And, I don’t want to push back as hard as I might, simply because as I’m writing the Benedict Option book, I want to learn from the experiences of people like her, for the sake of avoiding, and teaching readers to avoid, the mistakes that led her to lose her faith.

That said, I do want to push back against the idea that the only options on the table are life in a fundagelical bubble, or no separation at all from the world. Insofar as I’m raising my children in a Benedict Option, their childhood looks nothing like Libby Anne’s. I don’t personally know too many people who would say that they are Ben Opping in their families, but of those I do, their lives don’t look like Libby Anne’s family in childhood. At this point in my research, it’s hard to say with any precision what the difference is, but one thing that stands out is that none of us approach the world as a terrifying place from which the kids have to be protected like diamonds in a vault.

For example, all my kids know that gays exists, and that they are people like everybody else. Our kids know what sex is, and that people have sex outside of marriage. Et cetera. Our kids know what we believe to be morally right, and they know that our family’s beliefs in this regard mark us as outsiders in this culture. But they are still true anyway, and as is age-appropriate, we explain why we believe what we believe.

They’re getting normal biological science in homeschooling, but we explain to them how to reconcile what we know from science with what we know from Scripture and Tradition. And again, as age-appropriate, we explain the difference between Science and Scientism. And so on.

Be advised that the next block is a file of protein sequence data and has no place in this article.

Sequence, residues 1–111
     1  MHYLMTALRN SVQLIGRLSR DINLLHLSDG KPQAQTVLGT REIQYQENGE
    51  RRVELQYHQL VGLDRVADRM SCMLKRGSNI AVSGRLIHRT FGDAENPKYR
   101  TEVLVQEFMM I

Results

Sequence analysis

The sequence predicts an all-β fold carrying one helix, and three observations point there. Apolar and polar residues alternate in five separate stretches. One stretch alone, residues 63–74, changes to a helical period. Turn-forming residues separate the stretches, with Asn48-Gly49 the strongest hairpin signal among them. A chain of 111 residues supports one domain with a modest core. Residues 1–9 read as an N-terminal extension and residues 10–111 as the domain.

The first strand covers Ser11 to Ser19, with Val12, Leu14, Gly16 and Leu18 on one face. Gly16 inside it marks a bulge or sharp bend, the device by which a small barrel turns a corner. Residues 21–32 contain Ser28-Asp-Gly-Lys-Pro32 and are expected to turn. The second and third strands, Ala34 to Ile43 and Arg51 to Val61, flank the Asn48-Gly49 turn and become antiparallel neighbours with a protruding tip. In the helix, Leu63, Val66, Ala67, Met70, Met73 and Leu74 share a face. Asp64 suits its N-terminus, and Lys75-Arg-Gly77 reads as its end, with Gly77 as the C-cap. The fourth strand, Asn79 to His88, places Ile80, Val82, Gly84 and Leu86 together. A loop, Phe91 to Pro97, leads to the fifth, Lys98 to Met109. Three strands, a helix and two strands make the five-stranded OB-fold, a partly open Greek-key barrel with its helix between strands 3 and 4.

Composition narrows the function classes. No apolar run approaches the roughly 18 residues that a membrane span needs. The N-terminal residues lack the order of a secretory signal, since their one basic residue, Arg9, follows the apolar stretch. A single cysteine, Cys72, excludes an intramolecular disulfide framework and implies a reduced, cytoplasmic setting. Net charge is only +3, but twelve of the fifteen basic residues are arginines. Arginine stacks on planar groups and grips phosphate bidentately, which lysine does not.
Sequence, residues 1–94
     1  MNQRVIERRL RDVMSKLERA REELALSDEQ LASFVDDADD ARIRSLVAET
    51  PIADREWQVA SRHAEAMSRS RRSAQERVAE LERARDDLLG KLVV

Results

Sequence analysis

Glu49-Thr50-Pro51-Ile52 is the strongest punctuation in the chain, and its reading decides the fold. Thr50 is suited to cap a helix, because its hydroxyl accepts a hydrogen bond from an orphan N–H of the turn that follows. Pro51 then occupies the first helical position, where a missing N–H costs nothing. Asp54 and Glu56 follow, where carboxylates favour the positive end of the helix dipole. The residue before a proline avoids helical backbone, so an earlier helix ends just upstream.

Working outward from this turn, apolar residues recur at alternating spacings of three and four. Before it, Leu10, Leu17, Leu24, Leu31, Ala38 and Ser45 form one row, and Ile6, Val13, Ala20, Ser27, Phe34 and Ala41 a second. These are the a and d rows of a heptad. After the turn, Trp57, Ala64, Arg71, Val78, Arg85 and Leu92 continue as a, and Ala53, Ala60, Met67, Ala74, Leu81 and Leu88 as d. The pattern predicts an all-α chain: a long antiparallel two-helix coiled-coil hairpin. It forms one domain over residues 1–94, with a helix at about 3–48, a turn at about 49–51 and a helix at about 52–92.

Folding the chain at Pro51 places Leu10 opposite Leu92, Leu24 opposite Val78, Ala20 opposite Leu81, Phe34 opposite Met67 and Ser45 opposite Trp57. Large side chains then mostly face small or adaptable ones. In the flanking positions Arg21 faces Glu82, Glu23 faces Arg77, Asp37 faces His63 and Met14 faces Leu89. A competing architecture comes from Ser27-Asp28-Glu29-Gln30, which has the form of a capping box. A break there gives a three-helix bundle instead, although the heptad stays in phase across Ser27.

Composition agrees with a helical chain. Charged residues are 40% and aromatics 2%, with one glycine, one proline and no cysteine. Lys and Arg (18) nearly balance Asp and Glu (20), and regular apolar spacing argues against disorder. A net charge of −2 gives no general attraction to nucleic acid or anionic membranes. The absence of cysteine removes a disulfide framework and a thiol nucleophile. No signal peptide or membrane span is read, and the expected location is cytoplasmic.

This is our general approach to the world outside the home. Is it going to produce resilient Christian adults who hold on to their faith once they leave the nest? We hope so, but we also know that there is no foolproof formula. Weirdly enough, my late sister and I both turned out to be more religiously observant than our parents, but I have had a number of friends over the years who were raised more or less like I was, and who no longer go to church because they believe there’s nothing much to it. On the other hand, I have a friend whose adult children were raised in the best of all conceivable Christian homes, yet one of her three left the faith in a big, bold way. You never know.

But I believe that there are some environments that grow more resilient kids, and some that do not. It would be interesting to me to know what happened to most of the other kids that Libby Anne was raised with. Are they still practicing the faith? Did they stick with fundagelicalism, or did they find a less rigid form of Christianity? Again, the kind of childhood Libby Anne had, I find strongly unappealing. But maybe that says more about Libby Anne and me than it does about that kind of Christianity. More important, I want to highlight that this fundamentalist-or-nothing model that she posits is a false choice. I don’t believe, as a matter of principle, that all Benedict Options are created equal. Again, though, I’m trying, in my research, to discover which practices work better than others. That’s why I don’t want to get too defensive towards the Libby Annes.

I’ve heard a lot before from people who were raised in Ben Op-type situations that went bad. I’d like to hear from those who were raised in these situations that succeeded. What did your parents and community do right?

Raising kids is hard. Always has been. It’s especially so when you’re having to raise them against the grain of the broader culture. Unfortunately, you only get one shot at it, and it’s easy to screw up. But you don’t see what you did wrong, except in retrospect — after it’s too late.

UPDATE: Fantastic comment by Jones, who is a believing Muslim: